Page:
Home  Contact Phil


Phil Mellows is a freelance journalist living in Brighton




Directed by Giorgos Lanthimos (Greece 2009)

Aeroplanes fall to the lawn as new toys. Kittens are predatory monsters that will rip the flesh from your face. Anaesthetic makes for a new game to play. A lost brother, tantalisingly close by on the other side of the garden fence, is thrown cake.

This is the captive, and captivating, world of Dogtooth, a spiteful, brilliant black comedy in which the dark and the comic are one.

Hinting at those real-life horror stories of imprisoned, abused children that lie beyond our comprehension, Father (Christos Stergioglou) and Mother (Michelle Valley) live in a posh house with a large garden and a swimming pool enclosed by a high fence within which they have raised three children, now teenagers, in total seclusion.

They know only what they have been taught by their parents, learning a perversely inventive Orwellian double-speak that disguises the truth. A limited language, spoken in stilted phrase book tones, imprisons their minds as much as the fence and the fear of the outside imprison them physically.

So Fly Me to the Moon on the gramophone is wilfully mistranslated by Father as a hymn to family values.

But words are not enough. Son (Hristos Passalis) has sexual needs that must be serviced by Christina (Anna Kaliaitzidou) an employee of Father who pays her overtime for her extra duties.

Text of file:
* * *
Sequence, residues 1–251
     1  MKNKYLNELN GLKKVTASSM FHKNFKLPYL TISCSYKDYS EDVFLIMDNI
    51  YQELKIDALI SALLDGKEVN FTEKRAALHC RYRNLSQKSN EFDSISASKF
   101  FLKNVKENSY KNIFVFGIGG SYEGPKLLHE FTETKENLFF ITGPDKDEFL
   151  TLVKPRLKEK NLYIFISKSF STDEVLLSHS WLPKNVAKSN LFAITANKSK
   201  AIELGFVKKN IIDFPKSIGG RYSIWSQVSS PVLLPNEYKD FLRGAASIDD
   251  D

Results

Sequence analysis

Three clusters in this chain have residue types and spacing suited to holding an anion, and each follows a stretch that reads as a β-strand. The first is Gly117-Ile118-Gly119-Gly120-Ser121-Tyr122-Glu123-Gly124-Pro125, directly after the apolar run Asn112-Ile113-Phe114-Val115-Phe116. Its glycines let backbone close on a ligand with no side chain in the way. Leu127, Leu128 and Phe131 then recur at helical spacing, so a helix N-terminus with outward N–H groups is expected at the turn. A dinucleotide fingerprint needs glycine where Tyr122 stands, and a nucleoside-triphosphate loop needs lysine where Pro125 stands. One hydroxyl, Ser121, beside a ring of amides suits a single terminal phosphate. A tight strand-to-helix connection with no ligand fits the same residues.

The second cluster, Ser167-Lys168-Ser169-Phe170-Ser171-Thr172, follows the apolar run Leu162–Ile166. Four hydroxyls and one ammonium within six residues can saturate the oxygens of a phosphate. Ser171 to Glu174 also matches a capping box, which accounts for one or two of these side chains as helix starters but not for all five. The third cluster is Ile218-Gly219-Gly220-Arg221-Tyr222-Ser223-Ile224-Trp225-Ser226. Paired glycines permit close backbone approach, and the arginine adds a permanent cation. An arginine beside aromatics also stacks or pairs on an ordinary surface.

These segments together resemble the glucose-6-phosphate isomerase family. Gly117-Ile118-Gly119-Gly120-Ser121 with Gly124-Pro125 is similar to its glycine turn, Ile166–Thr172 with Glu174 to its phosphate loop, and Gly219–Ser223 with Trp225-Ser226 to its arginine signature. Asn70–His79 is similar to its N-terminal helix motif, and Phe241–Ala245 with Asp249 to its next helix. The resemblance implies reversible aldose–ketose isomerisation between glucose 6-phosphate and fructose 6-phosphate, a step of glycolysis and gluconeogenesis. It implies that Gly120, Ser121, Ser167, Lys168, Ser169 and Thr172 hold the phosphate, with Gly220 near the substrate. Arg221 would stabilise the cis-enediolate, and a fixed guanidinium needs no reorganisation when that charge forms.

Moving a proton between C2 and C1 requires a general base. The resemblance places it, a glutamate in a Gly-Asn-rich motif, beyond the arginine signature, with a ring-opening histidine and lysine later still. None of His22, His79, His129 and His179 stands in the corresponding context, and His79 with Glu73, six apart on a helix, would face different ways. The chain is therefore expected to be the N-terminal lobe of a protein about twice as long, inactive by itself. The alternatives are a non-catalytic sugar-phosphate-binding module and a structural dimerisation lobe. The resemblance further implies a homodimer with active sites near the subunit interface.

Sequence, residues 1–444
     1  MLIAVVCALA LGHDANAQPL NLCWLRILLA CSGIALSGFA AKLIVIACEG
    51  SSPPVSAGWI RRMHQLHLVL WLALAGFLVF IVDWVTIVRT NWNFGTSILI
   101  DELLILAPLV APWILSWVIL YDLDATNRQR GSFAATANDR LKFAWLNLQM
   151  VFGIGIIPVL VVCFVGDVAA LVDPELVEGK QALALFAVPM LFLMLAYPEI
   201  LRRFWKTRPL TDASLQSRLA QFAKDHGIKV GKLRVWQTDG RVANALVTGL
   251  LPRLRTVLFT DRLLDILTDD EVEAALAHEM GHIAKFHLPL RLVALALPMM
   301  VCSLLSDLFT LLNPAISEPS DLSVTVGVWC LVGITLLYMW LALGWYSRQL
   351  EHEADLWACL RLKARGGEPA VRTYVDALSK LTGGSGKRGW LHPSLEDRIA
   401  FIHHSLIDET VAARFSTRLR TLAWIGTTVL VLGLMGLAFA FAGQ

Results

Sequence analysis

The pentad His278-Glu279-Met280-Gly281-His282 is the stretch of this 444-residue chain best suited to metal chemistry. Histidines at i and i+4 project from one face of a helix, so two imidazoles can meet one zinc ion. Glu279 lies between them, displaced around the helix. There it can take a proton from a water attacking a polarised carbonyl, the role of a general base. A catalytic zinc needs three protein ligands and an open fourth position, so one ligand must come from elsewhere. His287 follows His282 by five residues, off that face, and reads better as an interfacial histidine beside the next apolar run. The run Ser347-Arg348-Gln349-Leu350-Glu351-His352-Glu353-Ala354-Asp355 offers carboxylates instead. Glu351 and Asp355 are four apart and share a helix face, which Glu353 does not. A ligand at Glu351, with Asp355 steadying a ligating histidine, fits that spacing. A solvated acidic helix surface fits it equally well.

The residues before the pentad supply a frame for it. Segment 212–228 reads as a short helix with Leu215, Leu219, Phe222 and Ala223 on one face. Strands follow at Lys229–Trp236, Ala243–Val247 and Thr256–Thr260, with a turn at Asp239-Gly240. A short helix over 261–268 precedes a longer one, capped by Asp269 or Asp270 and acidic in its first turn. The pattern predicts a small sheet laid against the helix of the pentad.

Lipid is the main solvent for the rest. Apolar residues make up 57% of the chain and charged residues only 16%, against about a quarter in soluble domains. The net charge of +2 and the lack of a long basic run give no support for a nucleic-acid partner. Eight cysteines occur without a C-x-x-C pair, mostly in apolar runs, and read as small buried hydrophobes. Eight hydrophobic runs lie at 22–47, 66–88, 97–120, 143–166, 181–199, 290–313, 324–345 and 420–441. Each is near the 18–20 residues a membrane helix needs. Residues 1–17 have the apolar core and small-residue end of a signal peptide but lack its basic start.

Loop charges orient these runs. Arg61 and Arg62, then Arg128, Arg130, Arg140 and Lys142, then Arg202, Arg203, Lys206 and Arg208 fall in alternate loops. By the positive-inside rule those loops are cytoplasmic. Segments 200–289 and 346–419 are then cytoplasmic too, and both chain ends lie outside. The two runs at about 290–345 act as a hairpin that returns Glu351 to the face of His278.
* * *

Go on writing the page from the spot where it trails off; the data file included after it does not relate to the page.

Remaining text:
In a clever irony, Christina is a gatekeeper at Father’s factory (which, it’s worth noting, is more bleak and prison-like than his house). She might have ‘security’ written on her uniform but she’s the leak to the world outside, swapping videos (Rocky, Jaws and Flashdance) for the sexual favours of Older Daughter (Aggeliki Papoulia).

Sex spreads like capitalism through the family. Specifically, licking parts of the body becomes a new currency of exchange. Father and mother begin to lose the control they obsessively crave and in their violent retribution we see what the walls of their prison are really built from.

Violence becomes an infection even the medicalised imaginations of Elder and Younger Daughter (Mary Tsoni) can’t treat. If you’re fond of kittens – or your teeth - look away now.

April 27, 2010

Back to Reviews



Writing... Journalism... Research... Awards Judging... Pub Business Advice... Pub Crawls
Contact Phil